To many observers, Johnson’s explanation brought echoes of Trump. It boasted an ability to win, but demurred from putting the matter to a test that might have resulted in defeat. It could very well be that Johnson’s support was not as strong as he wanted people to believe. One tabulation held that he only had the support of 57 MPs, compared to Sunak’s 146. Even if Johnson was telling the truth, intraparty opposition might have been so pronounced that it might not have mattered. It might also have embarrassed him by showing Sunak the unambiguously clear favorite. For whatever reason, bringing Johnson’s candidacy to the rank-and-file, where he was favored to win, faced insuperable obstacles.

Could a similar fate await Trump? Many of his opponents are deluded enough to hope that he, too, will be knocked out of the leadership contest by a younger and less objectionable rival.

Irrespective of the many other similarities, however, the American political system favors Trump far more than the British system favored Johnson. Johnson’s gambit fell first to the tender mercies of his fellow Conservative MPs, many of whom openly announced that they would never again support him. That alone is unthinkable in today’s Republican Party, where to oppose Trump is practically an act of political suicide. Of the ten Republican congressmen who voted in favor of his second impeachment, eight were either defeated in their primary elections this year or decided not to run for reelection at all. The rest of the congressional GOP strongly covets Trump’s support and endorsements, which succeeded in over 90 percent of 2022 primary contests. His only credible potential opponent for the 2024 nomination, Florida Governor Ron DeSantis, is a Trump protégé who agrees with the former president on every issue of importance, even if they keep a certain distance from each other.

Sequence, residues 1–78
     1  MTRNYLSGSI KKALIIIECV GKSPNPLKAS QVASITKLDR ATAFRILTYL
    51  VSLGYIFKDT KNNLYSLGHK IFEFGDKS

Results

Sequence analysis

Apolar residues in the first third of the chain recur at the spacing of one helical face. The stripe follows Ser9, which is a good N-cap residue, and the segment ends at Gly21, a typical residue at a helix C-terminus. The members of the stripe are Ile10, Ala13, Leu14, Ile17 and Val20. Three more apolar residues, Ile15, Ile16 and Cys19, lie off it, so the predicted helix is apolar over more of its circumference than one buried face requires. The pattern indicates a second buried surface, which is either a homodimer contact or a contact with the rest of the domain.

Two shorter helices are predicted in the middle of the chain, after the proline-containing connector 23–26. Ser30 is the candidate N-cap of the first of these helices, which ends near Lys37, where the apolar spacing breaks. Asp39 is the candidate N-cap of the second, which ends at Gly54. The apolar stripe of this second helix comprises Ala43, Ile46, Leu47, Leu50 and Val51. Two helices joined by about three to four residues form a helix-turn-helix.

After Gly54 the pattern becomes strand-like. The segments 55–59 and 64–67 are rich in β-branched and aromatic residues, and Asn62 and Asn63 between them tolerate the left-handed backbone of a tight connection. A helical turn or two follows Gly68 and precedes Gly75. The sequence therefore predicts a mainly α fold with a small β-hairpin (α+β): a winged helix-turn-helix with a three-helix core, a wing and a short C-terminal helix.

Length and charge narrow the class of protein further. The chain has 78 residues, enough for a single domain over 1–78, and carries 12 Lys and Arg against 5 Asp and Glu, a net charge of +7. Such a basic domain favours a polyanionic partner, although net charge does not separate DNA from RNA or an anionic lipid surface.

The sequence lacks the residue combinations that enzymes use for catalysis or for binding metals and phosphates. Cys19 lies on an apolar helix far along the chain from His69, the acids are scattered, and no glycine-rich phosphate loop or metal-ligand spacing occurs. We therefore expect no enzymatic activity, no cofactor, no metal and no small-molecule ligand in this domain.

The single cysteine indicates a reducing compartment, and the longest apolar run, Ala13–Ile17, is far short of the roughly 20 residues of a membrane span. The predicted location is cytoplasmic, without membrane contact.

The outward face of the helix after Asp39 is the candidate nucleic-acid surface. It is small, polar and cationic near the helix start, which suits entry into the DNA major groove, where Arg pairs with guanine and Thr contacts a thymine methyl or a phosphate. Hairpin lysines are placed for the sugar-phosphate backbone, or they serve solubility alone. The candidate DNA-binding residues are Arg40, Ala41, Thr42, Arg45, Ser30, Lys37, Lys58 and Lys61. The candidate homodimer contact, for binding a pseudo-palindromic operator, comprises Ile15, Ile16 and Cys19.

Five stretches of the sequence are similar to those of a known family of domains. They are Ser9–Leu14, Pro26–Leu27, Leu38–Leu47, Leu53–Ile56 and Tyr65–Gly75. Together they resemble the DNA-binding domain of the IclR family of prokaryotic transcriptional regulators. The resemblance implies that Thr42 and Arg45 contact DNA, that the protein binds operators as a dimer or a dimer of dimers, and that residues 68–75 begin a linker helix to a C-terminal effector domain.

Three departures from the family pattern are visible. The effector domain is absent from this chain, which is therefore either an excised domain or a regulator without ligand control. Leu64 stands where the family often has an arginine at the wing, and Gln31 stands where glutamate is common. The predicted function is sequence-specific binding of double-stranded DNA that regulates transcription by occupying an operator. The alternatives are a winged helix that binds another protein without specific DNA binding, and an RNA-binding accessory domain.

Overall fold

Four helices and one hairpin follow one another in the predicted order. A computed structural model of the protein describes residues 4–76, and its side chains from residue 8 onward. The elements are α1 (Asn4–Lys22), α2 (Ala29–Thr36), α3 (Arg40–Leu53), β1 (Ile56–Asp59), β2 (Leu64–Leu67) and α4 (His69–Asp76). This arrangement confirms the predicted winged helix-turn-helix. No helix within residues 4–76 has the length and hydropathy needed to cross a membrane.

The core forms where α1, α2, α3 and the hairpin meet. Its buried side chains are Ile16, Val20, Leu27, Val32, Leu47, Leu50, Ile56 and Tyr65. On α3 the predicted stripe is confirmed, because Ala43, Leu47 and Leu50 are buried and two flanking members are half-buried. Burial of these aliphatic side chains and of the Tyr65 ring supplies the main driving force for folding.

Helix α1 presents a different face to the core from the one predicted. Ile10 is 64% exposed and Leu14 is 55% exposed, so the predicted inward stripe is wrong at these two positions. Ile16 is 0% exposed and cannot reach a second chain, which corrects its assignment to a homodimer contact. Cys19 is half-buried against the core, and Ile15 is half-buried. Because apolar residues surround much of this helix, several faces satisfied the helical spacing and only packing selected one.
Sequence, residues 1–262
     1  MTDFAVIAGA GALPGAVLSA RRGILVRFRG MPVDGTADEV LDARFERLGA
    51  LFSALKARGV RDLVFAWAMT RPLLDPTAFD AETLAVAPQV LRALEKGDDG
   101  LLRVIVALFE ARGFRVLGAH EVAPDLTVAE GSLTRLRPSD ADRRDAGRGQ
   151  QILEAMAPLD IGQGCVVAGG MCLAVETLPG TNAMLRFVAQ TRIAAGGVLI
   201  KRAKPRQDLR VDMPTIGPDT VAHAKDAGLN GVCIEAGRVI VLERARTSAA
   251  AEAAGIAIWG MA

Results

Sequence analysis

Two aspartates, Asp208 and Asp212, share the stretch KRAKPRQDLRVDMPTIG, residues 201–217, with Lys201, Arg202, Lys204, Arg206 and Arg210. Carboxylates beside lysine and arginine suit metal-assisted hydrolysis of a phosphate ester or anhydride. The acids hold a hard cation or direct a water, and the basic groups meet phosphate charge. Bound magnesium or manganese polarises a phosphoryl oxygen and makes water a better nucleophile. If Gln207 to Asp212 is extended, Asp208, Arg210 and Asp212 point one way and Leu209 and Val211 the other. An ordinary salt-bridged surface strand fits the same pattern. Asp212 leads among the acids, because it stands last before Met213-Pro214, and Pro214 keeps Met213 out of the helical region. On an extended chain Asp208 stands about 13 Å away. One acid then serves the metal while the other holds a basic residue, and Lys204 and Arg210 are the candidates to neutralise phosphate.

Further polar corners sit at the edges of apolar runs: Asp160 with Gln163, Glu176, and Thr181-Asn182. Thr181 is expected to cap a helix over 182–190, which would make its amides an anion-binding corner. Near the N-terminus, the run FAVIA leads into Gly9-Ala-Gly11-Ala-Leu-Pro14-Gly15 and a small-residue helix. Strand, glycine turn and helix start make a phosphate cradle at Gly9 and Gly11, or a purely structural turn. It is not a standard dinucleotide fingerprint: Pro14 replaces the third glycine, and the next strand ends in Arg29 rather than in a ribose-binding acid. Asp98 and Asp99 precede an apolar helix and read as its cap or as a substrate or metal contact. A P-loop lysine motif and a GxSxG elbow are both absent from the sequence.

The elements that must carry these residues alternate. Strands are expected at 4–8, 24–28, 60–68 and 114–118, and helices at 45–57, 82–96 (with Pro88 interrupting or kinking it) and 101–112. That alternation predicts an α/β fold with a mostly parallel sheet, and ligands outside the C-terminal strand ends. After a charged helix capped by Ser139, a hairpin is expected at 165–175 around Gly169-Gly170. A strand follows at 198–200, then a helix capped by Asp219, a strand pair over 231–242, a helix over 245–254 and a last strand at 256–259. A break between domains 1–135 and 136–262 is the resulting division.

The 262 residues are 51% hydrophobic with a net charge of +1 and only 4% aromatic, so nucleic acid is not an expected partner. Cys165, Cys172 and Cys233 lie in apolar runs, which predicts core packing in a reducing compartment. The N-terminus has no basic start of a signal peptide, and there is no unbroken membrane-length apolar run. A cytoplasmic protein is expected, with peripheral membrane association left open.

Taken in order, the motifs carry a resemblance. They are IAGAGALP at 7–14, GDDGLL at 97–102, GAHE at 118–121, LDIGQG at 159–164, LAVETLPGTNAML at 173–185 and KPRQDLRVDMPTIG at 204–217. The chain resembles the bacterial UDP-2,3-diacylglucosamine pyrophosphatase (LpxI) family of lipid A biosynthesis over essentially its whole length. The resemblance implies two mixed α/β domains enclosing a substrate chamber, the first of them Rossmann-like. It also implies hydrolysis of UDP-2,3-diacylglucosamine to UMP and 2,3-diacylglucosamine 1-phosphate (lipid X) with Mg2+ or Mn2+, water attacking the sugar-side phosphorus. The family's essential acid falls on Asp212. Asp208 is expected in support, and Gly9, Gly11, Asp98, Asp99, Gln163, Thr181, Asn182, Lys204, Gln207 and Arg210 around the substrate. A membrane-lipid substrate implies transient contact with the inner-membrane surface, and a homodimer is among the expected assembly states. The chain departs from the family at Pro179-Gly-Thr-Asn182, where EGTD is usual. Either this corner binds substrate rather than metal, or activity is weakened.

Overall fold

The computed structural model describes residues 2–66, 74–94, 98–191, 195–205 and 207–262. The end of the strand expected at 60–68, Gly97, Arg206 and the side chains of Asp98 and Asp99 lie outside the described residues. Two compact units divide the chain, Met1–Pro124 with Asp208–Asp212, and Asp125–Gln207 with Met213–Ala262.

Johnson’s parliamentary Conservative detractors spend a lot of time in London, where they are more vulnerable to lobbying, leftist urban sensibilities, and other pressures. Republicans submerged in the Washington swamp have the same problem, but Trump’s nomination does not depend on them in almost any way. It is in the American heartland where his future will be decided. Almost all internal party polls show Trump as the Republicans’ clear favorite for 2024, with DeSantis, who has also not declared his candidacy, trailing by margins of 20 to 30 points. The Never Trumper position has become so dire that many urban Republicans who hold it now openly favor the Democrats, or have actually become Democrats.

Anti-Johnson Tories have no similar temptation to leave their party or moan that their party left them. Their structural strength in Westminster leaves them with no reason to. As their spiritual forefathers did to Margaret Thatcher in 1990, they have used their procedural power to force a moderate alternative on the Conservative rank-and-file, whose resentment of the metropolitan elite will only grow. The new prime minister’s pro-tax policies and anti-tax family history probably won’t help him succeed in a UK facing a recession. Whereas for Trump, as the world already knows, it’s all about winning.